Can I just say the obvious... good job. I would subscribe to your newsletter.

post #18 of 34
Quote:
Originally Posted by monstrosity View Post

 

Well, $60b seems like a lot, but up against leveraged money and divided by 3 years it's not really 'that' much.

 

 $60B is alot no matter how much leverage the hedge funds have.  The average hedge fund is only a few billions dollars.  Even if they leverage 10x they will only be able to play about 1 or 2 Bil on Apple.  And why target Apple when there are much better stocks to short?  Why target apple when they already dropped 40%?

post #19 of 34
Quote:
Originally Posted by christopher126 View Post

My father always said, in the stock market when someone wins, someone else loses. I never really understood that, as simple as it may seem, until I read a book about the tech bubble.

 

300 pages later, the author basically said, the guys "in the know" (Wall Street) made all the money, and the little guys lost. That's not to say some on Wall Street didn't lose money, but the general premise is correct, I think.

With my sincere apologies to your dad, but to say that the stock market is a zero-sum game is overly simplistic. Stocks can be sold for reasons other than "it is overvalued." For example, liquidity. A person may sell at a profit relative to when he bought it; if the stock continues to go up after that, the person that bought it also profits.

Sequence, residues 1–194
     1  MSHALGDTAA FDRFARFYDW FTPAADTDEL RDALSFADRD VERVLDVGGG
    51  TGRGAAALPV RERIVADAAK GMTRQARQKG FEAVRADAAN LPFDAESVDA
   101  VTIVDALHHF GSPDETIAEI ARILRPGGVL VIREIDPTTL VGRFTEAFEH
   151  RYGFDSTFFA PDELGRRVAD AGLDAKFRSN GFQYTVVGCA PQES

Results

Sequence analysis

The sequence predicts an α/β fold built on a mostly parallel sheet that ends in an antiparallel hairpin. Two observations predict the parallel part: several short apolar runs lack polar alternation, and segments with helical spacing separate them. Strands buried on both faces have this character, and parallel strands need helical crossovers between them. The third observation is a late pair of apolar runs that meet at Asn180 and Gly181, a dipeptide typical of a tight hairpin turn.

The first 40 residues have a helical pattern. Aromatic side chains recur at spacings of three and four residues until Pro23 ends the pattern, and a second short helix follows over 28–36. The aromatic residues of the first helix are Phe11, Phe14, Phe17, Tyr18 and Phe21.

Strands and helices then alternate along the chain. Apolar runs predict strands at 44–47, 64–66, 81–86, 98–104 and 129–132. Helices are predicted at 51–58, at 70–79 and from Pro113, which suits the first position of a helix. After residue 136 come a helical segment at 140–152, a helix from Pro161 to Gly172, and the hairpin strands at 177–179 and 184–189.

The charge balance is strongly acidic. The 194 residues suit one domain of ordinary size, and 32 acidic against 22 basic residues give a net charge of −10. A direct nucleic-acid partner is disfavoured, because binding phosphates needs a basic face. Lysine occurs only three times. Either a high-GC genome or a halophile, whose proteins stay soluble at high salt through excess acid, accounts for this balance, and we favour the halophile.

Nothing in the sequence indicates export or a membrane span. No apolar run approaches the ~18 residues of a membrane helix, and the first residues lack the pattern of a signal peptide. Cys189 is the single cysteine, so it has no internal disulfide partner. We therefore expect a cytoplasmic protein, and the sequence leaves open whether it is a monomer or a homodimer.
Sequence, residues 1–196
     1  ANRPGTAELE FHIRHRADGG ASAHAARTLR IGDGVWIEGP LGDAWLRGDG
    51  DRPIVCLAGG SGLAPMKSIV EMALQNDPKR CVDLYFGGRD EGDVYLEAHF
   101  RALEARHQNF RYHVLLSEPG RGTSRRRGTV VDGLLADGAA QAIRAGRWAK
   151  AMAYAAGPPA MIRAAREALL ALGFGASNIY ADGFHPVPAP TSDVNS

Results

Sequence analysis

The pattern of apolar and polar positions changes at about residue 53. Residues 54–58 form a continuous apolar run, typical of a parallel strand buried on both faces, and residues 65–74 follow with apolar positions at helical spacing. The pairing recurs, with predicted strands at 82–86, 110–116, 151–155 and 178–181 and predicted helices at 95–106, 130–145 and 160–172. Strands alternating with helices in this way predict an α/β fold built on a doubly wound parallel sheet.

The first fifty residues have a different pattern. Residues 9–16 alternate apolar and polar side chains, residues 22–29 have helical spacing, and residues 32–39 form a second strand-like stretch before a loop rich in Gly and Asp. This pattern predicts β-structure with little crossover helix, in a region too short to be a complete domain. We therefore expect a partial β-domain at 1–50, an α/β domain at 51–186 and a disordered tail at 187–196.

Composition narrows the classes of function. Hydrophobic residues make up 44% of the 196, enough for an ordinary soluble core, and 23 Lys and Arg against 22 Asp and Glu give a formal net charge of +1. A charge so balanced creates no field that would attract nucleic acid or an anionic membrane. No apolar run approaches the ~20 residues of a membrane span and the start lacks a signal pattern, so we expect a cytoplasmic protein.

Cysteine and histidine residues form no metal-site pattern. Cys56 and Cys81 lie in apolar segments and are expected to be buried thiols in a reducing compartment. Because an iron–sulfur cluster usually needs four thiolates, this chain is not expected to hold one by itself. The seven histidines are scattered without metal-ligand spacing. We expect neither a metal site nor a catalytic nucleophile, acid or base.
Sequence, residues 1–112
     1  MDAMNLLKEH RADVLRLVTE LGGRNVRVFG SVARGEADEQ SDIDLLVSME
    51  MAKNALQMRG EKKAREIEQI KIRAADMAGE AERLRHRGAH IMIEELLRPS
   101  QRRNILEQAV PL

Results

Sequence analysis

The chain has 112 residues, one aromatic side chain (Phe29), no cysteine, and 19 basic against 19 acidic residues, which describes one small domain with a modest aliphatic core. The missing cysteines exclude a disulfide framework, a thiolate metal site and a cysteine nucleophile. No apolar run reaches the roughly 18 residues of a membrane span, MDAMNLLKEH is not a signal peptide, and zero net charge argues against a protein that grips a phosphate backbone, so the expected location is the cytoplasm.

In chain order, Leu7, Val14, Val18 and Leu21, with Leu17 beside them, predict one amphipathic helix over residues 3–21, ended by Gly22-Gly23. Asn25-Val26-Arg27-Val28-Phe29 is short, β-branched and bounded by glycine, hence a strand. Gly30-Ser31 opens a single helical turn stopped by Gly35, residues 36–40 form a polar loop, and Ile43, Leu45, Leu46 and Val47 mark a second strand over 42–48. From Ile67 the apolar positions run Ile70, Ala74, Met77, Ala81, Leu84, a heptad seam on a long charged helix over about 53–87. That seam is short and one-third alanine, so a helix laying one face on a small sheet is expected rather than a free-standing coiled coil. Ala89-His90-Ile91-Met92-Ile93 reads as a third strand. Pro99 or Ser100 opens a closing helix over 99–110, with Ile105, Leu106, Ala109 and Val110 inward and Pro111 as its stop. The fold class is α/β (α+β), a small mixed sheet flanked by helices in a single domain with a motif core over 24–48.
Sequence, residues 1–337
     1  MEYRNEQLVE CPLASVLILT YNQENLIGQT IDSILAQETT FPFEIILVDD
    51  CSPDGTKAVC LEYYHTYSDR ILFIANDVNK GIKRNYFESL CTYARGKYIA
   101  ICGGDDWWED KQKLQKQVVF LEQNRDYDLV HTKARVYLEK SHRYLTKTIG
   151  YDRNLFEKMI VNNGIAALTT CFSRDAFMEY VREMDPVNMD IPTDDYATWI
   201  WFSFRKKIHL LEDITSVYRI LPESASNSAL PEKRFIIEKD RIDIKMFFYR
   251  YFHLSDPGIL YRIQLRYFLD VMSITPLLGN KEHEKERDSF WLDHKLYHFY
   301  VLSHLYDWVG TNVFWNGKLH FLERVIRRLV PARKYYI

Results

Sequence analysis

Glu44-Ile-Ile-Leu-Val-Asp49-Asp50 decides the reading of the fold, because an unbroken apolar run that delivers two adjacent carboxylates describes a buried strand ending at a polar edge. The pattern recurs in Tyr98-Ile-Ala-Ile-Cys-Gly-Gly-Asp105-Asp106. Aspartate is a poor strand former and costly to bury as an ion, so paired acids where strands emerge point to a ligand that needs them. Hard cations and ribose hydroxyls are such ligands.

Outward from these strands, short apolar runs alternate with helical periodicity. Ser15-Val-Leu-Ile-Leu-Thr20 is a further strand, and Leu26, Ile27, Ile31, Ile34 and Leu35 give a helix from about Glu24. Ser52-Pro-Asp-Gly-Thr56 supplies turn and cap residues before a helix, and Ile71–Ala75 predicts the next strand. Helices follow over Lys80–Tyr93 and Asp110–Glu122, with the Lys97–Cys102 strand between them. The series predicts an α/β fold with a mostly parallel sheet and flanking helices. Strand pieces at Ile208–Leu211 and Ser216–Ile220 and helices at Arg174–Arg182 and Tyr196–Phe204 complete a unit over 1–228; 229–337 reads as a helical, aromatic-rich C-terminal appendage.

The stock market has created more wealth for more people than any other human creation in history.

 

Yes, there are bubbles. But those exist in every single asset market: e.g., real estate; gold; commodities; bonds, i.e., not just in stocks. Insiders may have made money in the tech bubble (although no one held a gun to the investors' heads, so they also perhaps got what they deserved), but "Wall Street" has been far from infallible: in the real estate/structured finance bubble of 2006-08, it was WS that lost its shirt.

post #20 of 34
He's also the UK's richest man as he's smart enough not to live in Russia. 1smile.gif
post #21 of 34
LOL what he's saying is, "I know it was artificially reduced and you would be a fool not to buy it now"!!!! Makes sense 1wink.gif
post #22 of 34
Apple's buyback of 50 billion worth of their own stock is a way of shoving it in the face of the gamblers and manipulators on Wallstreet. They are simply saying if you do not want to pay a fair price for our stock, we will buy it back and keep it. These con operators are simply bad mouthing the company to push the stock price down so they caan buy it cheap when the real investors get cold feet and sell. Then another run on the stock will occur to make them aa fortune, and they begin to sell again. After their profit, they start bad mouthing the company again to push the stock down again, whereupon they will buy it low and make another fortune when it goes back up. This has happened to Apple stock three times in the last four years.